noun (plural -cies) Etymology: Latin fallacia, from fallac-, fallax deceitful, from fallere to deceive Date: 14th century 1. a. obsolete guile, trickery b. deceptive appearance ; deception 2. a. a false or mistaken idea <
popular fallacies
b. erroneous character ; erroneousness 3. an often plausible argument using false or invalid inference

New Collegiate Dictionary. 2001.


Look at other dictionaries:

  • fallacy — fallacy, sophism, sophistry, casuistry are comparable when meaning unsound and misleading reasoning or line of argument. The same distinctions in implications and connotations are distinguishable in the corresponding adjectives fallacious,… …   New Dictionary of Synonyms

  • Fallacy — Fal la*cy (f[a^]l l[.a]*s[y^]), n.; pl. {Fallacies} (f[a^]l l[.a]*s[i^]z). [OE. fallace, fallas, deception, F. fallace, fr. L. fallacia, fr. fallax deceitful, deceptive, fr. fallere to deceive. See {Fail}.] 1. Deceptive or false appearance;… …   The Collaborative International Dictionary of English

  • fallacy — [fal′ə sē] n. pl. fallacies [ME fallace < OFr < L fallacia, deception, artifice < fallax (gen. fallacis), deceitful < fallere, to deceive: see FAIL] 1. Obs. deception 2. aptness to mislead; deceptive or delusive quality [the fallacy… …   English World dictionary

  • fallacy — I noun captio, deception, deceptive belief, delusion, deviation from truth, distortion, erroneous reasoning, erroneousness, error, fallacious argument, false appearance, falseness, falsity, faultiness, faulty reasoning, flaw in reasoning,… …   Law dictionary

  • fallacy — late 15c., deception, false statement, from L. fallacia deception, noun of quality from fallax (gen. fallacis) deceptive, from fallere deceive (see FAIL (Cf. fail)). Specific sense in logic dates from 1550s. An earlier form was fallace (c.1300),… …   Etymology dictionary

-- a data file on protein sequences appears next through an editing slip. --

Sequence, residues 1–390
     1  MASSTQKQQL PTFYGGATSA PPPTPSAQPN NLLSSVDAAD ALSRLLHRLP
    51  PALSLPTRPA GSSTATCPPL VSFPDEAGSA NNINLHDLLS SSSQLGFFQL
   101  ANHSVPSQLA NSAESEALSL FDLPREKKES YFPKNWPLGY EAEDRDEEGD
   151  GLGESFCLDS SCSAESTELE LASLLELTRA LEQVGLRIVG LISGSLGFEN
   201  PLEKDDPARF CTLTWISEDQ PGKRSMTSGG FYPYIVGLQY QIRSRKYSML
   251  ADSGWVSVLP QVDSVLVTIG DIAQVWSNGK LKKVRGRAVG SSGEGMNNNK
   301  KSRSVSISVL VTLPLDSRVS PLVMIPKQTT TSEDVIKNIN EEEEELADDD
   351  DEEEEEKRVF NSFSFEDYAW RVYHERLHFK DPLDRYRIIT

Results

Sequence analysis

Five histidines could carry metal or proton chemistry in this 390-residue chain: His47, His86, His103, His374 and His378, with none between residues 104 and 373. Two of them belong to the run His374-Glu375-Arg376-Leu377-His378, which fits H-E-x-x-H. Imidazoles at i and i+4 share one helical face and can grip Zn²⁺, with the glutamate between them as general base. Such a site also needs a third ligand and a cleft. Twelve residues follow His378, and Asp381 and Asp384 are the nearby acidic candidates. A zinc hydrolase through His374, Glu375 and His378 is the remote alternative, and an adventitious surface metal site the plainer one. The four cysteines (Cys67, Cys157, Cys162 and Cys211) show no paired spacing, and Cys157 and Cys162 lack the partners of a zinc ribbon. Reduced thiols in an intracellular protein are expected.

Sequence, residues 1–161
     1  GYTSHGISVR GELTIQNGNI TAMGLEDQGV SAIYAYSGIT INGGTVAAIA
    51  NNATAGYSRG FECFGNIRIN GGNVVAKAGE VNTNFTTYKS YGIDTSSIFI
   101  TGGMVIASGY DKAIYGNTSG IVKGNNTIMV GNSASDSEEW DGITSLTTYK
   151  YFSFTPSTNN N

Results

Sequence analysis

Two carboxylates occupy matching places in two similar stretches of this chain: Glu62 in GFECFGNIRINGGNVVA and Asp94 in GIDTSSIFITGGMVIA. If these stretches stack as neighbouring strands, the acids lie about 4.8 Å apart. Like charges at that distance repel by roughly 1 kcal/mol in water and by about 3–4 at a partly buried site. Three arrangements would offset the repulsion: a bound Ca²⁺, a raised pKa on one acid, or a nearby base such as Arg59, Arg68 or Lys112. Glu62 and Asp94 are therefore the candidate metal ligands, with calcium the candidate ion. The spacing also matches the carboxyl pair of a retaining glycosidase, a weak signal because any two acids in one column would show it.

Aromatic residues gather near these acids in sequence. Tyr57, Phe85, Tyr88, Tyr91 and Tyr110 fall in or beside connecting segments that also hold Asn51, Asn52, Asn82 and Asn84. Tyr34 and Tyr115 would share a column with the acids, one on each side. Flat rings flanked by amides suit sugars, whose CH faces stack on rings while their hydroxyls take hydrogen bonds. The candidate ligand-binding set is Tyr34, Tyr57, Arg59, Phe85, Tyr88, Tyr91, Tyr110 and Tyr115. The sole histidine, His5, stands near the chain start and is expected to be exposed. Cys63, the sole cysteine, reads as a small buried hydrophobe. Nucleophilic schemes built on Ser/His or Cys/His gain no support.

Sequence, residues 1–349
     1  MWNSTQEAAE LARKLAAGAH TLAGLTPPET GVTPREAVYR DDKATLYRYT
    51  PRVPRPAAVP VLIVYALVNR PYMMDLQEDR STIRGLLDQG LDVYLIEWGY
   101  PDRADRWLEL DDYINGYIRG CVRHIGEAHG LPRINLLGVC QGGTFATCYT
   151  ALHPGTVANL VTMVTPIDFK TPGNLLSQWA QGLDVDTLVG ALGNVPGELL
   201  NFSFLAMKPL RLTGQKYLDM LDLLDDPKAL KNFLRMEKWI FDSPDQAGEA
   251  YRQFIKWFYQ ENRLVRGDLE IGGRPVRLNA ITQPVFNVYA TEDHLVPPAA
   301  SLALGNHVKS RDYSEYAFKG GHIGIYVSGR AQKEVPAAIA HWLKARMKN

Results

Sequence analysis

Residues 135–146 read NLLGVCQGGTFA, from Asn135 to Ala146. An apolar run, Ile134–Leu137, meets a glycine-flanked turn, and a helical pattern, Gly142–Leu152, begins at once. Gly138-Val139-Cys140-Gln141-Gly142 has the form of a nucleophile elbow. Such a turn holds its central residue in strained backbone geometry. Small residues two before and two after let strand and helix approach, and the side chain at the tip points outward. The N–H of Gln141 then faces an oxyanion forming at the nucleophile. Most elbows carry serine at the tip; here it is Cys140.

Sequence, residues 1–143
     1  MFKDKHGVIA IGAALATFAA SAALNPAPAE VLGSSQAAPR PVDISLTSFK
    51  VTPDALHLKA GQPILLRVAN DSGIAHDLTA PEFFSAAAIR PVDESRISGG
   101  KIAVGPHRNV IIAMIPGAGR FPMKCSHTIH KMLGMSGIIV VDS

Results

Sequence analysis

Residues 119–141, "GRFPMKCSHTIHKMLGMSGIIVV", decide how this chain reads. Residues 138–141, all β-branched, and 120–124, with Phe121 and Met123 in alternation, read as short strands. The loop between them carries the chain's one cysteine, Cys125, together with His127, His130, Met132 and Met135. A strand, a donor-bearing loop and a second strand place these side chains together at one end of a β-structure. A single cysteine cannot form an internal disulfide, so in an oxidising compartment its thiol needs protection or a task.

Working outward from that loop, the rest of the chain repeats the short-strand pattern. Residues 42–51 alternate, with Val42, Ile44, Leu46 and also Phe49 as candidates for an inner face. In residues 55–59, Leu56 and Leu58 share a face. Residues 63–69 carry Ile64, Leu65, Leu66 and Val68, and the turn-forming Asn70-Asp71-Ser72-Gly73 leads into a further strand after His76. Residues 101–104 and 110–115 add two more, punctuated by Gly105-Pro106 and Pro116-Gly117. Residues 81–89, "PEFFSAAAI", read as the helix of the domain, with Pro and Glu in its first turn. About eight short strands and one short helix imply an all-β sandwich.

• fallacy — [n] illusion, misconception aberration, ambiguity, artifice, bias, casuistry, cavil, deceit, deception, deceptiveness, delusion, deviation, elusion, equivocation, erratum, erroneousness, error, evasion, falsehood, faultiness, flaw, heresy,… …   New thesaurus

  • fallacy — ► NOUN (pl. fallacies) 1) a mistaken belief. 2) a failure in reasoning which makes an argument invalid. DERIVATIVES fallacious adjective. ORIGIN Latin fallacia, from fallere deceive …   English terms dictionary

  • Fallacy — In logic and rhetoric, a fallacy is usually incorrect argumentation in reasoning resulting in a misconception or presumption. By accident or design, fallacies may exploit emotional triggers in the listener or interlocutor (appeal to emotion), or… …   Wikipedia

  • fallacy — /fal euh see/, n., pl. fallacies. 1. a deceptive, misleading, or false notion, belief, etc.: That the world is flat was at one time a popular fallacy. 2. a misleading or unsound argument. 3. deceptive, misleading, or false nature; erroneousness.… …   Universalium

  • fallacy — n. 1) a fallacy to + int. (it s a fallacy to assume that he will help) 2) a fallacy that (it s a fallacy that all politicians are corrupt) * * * [ fæləsɪ] a fallacy that (it s a fallacy) that all politicians are corrupt a fallacy to + inf. (it s… …   Combinatory dictionary

  • fallacy — Synonyms and related words: Albigensianism, Arianism, Catharism, Ebionitism, Erastianism, Gnosticism, Jovinianism, Lollardy, Manichaeanism, Manichaeism, Monophysism, Monophysitism, Pelagianism, Waldensianism, Wyclifism, aberrancy, aberration,… …   Moby Thesaurus

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